European shares fall as debt woes hit Greek stocks | Business News

European shares fall as debt woes hit Greek stocks

5 Jun 2015 | Author: | No comments yet »

DYER: Stalemate in Greece.

“The Greek government would be well-advised to act quickly — for the Greek banks, it is five minutes to midnight,” said Andreas Dombret, an executive board member of the German central bank, last weekend.

Normally, when a country spends itself into near bankruptcy like Greece did, the whole cycle of crisis, default (or a tough International Monetary Fund bailout), and recovery takes much less time than that. One is to make a deal with the IMF: in return for IMF loans to tide it over, the government promises to restructure the economy (stop subsidizing favoured groups and businesses), balance the budget (collect more taxes and cut spending) and, above all, devalue the currency. It is locked into membership of the Pan-European currency, the euro, which means that its costs stay high and foreign investment doesn’t flow in as it would after a devaluation.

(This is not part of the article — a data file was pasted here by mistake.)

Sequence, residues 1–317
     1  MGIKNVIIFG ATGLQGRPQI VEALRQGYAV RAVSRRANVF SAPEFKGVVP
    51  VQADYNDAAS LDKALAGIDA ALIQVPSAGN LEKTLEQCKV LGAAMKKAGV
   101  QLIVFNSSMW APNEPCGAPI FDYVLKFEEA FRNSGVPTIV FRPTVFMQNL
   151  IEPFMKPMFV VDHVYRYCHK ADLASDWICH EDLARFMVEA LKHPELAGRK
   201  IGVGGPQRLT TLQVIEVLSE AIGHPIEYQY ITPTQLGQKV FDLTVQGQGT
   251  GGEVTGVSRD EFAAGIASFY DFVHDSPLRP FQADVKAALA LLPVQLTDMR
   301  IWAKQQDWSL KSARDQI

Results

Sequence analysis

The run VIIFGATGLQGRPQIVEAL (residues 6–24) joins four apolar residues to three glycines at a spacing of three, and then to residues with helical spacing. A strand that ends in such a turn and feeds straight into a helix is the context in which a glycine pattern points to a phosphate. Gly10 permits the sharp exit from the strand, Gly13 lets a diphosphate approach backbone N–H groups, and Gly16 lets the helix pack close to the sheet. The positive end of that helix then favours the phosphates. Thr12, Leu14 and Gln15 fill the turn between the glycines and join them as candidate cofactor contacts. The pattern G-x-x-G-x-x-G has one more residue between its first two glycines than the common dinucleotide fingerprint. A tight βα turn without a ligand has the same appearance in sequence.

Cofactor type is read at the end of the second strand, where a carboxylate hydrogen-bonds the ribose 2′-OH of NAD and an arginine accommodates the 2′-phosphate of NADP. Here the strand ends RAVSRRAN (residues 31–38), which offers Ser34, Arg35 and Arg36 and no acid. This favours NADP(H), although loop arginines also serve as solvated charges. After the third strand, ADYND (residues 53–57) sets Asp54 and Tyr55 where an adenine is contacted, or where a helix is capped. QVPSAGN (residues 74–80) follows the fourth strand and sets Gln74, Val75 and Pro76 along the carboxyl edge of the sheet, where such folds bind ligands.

You’ll be locked out of the international markets for some years, but you can only borrow at an exorbitant interest rate already, so what have you lost? And after some years, you offer to pay all the creditors you stiffed 10 cents on the dollar, they take the deal because something is better than nothing, and you can start borrowing internationally again. Greece has defaulted seven times before in its history, and almost every default was accompanied by a devaluation that put the economy on the road to recovery. But the EU goes on feeding Greece just enough money to prevent a default — and 90 per cent of that money goes straight back to German, French and other European banks in debt repayments. Indeed the Greek economy is already so badly damaged that there is some question as to whether the government could now raise enough income from domestic sources to maintain essential services after a default.

The European Union is prepared to cut them enough slack to keep them from defaulting, because its members fear the future of the euro itself if it becomes clear that countries can actually leave.

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